A Reanalysis of Theodor Landscheidt's Findings Regarding Mars-Saturn Angles in Birth Charts of Scientists
Copyright © 2010 All Rights Reserved
by David Cochrane
In the May-June, 1998 issue (Vol 40, #3) of the Astrological Journal (published by the Astrological Association of England) Theodor Landscheidt presents several findings regarding the distribution of planets in birth charts of famous people. One of his findings is that the angular distance of Mars and Saturn in the birth charst of 16,800 scientists and physicians is more often in a golden ratio aspect than would be expected by chance. Specifically, the following angles were found to occur more often these charts than would be expected by chance: 47.5, 55.6, 68.8, 85, 111.2, 137.5, 145.6, 158.8 and 175 degrees. For an explanation of Landscheidt's golden ratio aspects, see the article Reassessment of the Mars Effect.
Although written over 12 years ago, there appears to be little follow-up on this study. Landscheidt reports that the data analyzed was gathered by Mulller at the University of Cologne in Germany. I added features to Sirius 1.2 astrology software to enable me to obtain improved graphs from earlier versions of Sirius to see how Mars-Saturn angles varied from the expected distribution in six groups of professional groups in the Gauquelin data: scientists, musicians, writers, politicians, military leaders, and painters. This data is included in Sirius and I did not attempt to find out if the data collected by Muller is available. If this data can be obtained an reanalysis of Muller's could be performed.
All six professional groups in the Gauquelin data have birth dates ranging from the 1790's or 1800's to the 1920' to 1940's. The Sirius software allows the user to produce a distribution of a planetary angle over any period of time to represent the random distribution of the planetary period over that time period. I found that the specific dates used had little effect on the distribution as long as a range of 100 or more years was used. I used a range of 1800 to 1930 for this control group in the analysis. Note that creating a control group for astrological research is difficult in that the definition of the population from which the sample is collected is ambiguous given the uneven and non-normal distribution of birth dates through the time period. However, the full distribution of Mars-Saturn angles for 130 years used represents the likely distribution if births were equally spread across this time period and given the stability of this distribution and the deviations with very small orbs found in this study as described below, other definitions of a control group would very likely produce very similar results.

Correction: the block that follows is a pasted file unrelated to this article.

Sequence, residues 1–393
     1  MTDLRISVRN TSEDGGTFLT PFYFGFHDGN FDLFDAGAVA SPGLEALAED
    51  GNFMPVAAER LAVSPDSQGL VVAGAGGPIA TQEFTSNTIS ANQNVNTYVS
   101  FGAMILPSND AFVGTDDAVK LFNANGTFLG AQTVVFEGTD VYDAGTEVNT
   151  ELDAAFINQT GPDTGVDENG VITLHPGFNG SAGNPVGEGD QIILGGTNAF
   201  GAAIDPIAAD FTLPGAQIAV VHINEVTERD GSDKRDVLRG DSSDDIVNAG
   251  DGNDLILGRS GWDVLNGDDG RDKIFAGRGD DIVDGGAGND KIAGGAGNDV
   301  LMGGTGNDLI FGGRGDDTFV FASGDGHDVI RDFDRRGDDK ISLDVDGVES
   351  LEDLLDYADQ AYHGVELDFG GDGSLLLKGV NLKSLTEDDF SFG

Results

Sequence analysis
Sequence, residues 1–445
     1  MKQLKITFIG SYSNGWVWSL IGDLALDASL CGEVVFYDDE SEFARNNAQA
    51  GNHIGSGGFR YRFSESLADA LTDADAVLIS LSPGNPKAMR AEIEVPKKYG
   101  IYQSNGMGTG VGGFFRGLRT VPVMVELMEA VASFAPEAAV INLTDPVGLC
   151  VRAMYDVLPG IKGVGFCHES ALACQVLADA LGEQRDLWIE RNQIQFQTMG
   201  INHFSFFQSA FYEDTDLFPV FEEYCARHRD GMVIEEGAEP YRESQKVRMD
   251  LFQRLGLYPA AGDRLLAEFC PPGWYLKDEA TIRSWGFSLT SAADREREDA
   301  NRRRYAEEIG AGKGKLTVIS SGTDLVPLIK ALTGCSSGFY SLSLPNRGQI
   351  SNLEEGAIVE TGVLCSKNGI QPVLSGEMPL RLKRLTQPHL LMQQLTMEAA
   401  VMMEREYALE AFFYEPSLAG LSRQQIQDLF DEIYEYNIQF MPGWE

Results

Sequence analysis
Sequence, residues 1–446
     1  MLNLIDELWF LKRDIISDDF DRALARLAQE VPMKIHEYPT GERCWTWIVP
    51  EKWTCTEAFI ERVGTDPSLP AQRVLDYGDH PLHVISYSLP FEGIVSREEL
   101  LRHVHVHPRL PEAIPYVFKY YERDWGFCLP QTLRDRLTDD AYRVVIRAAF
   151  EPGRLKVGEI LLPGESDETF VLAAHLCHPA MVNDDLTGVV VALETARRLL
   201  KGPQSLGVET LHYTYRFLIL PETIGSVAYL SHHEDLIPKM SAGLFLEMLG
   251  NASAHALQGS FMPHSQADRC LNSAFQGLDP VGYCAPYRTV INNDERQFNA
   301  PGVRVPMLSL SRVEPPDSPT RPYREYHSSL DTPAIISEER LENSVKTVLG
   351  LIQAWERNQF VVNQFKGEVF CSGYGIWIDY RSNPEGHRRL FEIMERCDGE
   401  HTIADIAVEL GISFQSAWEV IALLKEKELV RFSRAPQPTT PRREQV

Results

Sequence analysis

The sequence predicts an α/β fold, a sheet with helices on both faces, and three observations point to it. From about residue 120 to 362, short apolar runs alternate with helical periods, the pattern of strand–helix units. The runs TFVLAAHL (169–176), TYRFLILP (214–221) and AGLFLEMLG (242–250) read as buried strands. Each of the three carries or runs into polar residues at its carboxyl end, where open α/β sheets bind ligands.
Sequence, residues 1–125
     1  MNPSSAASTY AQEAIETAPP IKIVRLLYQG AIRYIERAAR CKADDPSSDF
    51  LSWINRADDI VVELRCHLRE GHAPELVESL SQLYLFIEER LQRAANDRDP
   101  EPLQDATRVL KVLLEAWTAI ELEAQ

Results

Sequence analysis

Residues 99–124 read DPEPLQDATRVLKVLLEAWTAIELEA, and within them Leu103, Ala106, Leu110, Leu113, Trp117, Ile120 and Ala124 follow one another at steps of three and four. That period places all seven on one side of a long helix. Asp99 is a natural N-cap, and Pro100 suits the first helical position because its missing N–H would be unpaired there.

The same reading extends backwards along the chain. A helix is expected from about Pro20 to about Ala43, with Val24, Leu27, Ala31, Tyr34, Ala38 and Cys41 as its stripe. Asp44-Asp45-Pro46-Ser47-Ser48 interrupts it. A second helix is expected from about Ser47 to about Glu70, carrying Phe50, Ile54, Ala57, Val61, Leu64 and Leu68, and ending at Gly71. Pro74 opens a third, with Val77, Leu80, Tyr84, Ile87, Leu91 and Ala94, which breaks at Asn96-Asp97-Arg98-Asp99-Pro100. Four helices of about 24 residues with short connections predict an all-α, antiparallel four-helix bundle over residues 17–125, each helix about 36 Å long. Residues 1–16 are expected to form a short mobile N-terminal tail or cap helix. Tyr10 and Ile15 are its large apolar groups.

Shown below in Figure 1 is the random distribution of Mars-Saturn angles the distribution of the scientists in the Gauquelin data collection. Angular distances are rounded to the nearest degree from 1 to 180. The average percent of charts at any degree is therefore 100/180, or 0.55. As expected from the much larger number of charts in the random distribution, the random distribution represented by the green line fluctuates less than the distribution of scientists as represented by the blue line. The random distribution is based on 130 years x 365 days, or over 47,000 Mars-Saturn calculations.
To visualize deviations from the random distribution in another way, a graph of the percent difference between the scientists and the random distribution is shown in Figure 2 below.
The Sirius software also lists the values for each degree so that the difference at each degree is known. Referring to this list, I noted the degrees that the graph in Figure 2 indicates that the Mars-Saturn angle occurs more often for scientists than for the random distribution. These angles are 76-78, 80-82, and 85-87 degrees. In this exploratory phase of research hard and fast rules are not used to determine at which angular distances the scientists and control group differ but salient peaks are fairly clear. In general the findings do not confirm Landscheidt's finding. The peak at 85 degrees is confirmed but overall the results do not closely agree with Landscheidt's findings. Of the three peaks identified in the graph, the peak at 76-78 degrees is most impressive to me because the graph stays very high across three degrees whereas the other two peaks extend for only two degrees and are pronounced only at a single degree. Note that in the line graph angular distances vary from 0 to 179 so the range of 76 to 78 degrees is actually a range of greater than or equal 76 to less than 79 degrees. Interestingly, a 3/14 aspect is 77.14 degrees and therefore is approximately in the middle of this range. In earlier research it was found that 14th harmonic aspects involving Saturn are more likely in the charts of scientists in the Gauquelin data (see The Gauquelin Data Revealed) . The current findings suggest that it may be especially the 3/14 aspect that is important for scientists.